“Beginning about 15 years ago, the idea of there being value and hence interest in unrestored vehicles seemed to take a foothold among some collectors and enthusiasts,” Scott continued. “The advent of ‘Preservation’ classes at Pebble Beach and other concours events has reinforced this thought and created a growing interest in original, unrestored vehicles. Recently, the value of some of these cars has eclipsed that of the same model in restored condition. Virtually any vehicle can be restored – more than once – but it can be original only once.
“It also has to do with the maturing of the car collector hobby. Other disciplines, such as the collecting of fine art and historical artefacts, highly prize the objects in their original state. If you were to refinish a Louis XIV secretariat, you would ruin its value. With artefacts such as these, the collector and public expect to see evidence of the passage of time. The most highly prized cars contain not only their original parts and finishes, but have also been meticulously maintained.”
And with the current infatuation with so-called ‘barn-finds’, Scott offered these observations. “It is worthwhile to differentiate the barn find from the true preservation vehicle. The barn find is typically a car that is largely unrestored but has not been well cared for.
“In most cases, these vehicles are forgotten and left to deteriorate in a marginal storage facility such as a carport, garage or sometimes even in a real barn. They are generally objects of neglect, not preservation. In most cases, the barn finds would require a thorough restoration to be useful objects again, with few exceptions. On the other hand, the preservation vehicle has been cherished during its lifetime and was cared for accordingly. They serve as icons of their time and expressions of their manufacturers.”
Unlike during his days in LA, with its huge facility and many employees, Scott now lords over a smaller, much more focused operation. Key members of the team include Service Manager Mike Inase, Shop Foreman Nate Garcia and the general restoration crew members that include Angel Dela Cruz, Jerrad Douglas, Rian Mabus and Victor Burgos, Scott says he would be remiss if he didn’t mention his indispensable office manager, Diane Deering.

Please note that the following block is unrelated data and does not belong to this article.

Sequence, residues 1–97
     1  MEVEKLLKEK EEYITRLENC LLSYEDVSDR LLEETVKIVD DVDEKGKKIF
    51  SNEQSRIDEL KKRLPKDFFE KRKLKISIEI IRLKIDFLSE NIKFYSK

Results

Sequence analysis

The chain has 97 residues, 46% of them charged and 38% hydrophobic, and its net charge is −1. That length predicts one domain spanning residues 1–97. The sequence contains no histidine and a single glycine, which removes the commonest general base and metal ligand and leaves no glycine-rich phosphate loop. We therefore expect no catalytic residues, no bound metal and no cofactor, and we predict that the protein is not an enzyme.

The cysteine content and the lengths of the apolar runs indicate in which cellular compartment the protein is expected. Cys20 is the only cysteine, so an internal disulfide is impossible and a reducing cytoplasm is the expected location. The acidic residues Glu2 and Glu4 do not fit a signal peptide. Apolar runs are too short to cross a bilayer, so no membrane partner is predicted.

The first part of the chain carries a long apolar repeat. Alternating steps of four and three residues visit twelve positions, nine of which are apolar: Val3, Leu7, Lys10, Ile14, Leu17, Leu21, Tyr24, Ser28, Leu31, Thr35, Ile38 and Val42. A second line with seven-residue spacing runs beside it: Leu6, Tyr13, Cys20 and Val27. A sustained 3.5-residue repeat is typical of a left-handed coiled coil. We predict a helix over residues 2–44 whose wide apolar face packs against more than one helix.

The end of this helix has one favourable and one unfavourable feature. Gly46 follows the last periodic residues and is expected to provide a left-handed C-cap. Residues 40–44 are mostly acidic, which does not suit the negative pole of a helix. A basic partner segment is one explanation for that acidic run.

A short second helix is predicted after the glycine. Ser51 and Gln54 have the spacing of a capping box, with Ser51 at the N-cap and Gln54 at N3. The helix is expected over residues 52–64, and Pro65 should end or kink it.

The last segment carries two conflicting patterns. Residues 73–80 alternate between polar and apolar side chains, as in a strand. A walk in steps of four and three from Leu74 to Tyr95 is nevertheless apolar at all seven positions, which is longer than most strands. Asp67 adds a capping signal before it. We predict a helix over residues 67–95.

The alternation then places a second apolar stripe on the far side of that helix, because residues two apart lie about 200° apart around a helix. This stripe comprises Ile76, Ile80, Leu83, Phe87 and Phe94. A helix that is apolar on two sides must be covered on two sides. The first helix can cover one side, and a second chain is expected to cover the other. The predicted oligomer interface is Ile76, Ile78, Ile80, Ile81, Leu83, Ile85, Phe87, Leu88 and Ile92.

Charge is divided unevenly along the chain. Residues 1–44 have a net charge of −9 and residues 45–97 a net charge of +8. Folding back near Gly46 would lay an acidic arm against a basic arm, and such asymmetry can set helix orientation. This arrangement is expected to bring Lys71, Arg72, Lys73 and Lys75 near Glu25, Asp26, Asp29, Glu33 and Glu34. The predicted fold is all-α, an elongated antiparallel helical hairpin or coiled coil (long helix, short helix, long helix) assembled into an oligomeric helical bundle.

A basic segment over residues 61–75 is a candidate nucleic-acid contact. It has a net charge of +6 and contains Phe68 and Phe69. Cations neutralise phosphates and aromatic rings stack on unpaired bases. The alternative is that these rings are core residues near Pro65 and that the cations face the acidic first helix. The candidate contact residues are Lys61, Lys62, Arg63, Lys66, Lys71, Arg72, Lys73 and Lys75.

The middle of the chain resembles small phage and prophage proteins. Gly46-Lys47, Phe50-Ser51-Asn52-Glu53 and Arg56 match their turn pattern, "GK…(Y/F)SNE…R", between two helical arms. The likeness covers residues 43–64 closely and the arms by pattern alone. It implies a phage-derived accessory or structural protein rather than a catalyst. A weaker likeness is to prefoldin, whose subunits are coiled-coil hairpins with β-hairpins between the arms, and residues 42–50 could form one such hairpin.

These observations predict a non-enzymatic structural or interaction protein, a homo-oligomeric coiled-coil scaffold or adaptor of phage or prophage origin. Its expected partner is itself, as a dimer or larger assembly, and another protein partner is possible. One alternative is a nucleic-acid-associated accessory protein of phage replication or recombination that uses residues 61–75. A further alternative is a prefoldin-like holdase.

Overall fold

In addition to its restoration and preservation efforts, Scott often acts as a consultant to enthusiasts wanting to acquire or sell a classic Mercedes-Benz, and is known worldwide as one of the foremost authorities on the marque and specifically the 300SL Gullwings and Roadsters. It’s not uncommon to see Scott Grundfor mentioned as a car’s restorer in auction listings from Gooding, Bonhams and RM Sotheby’s. Such a mention can easily add 10 to 20 percent to the price realized by the seller, such is Scott’s reputation in the classic Mercedes-Benz community worldwide.
And what’s noteworthy about Scott is his willingness to share his expertise and passion for restoration and preservation with others via www.scottgrundfor.com. On his website you will find sections where you can learn many of the secrets that Scott and his company have developed and honed over the past four decades. These include restoration and preservation techniques that you can apply on a do-it-yourself basis to your own Mercedes-Benz.
And over the years, having bought and sold many Mercedes-Benzes, and not only 300SL Gullwings and Roadster versions, Scott has assembled a vast database, complete with high resolution photographs, that shows exactly what constitutes a Pebble Beach level restoration, or – as it has become so much a part of the classic car scene – a top tier preservation effort. Again, this huge resource is available free of charge on Scott’s extensive website.
It certainly was a treat for Mercedes Enthusiast to visit Scott’s facility. It’s a bit off the beaten path but well worth the visit if you are holidaying in California. Be sure to call ahead to make an appointment, as things get quite busy for Scott and his team, especially on the eve of a major event like Villa d’Este or Pebble Beach. But at other times, when things are not so hectic, you’ll find Scott more than willing to share his passion and enthusiasm for classic cars. It might sound clichéd, but it’s in his DNA.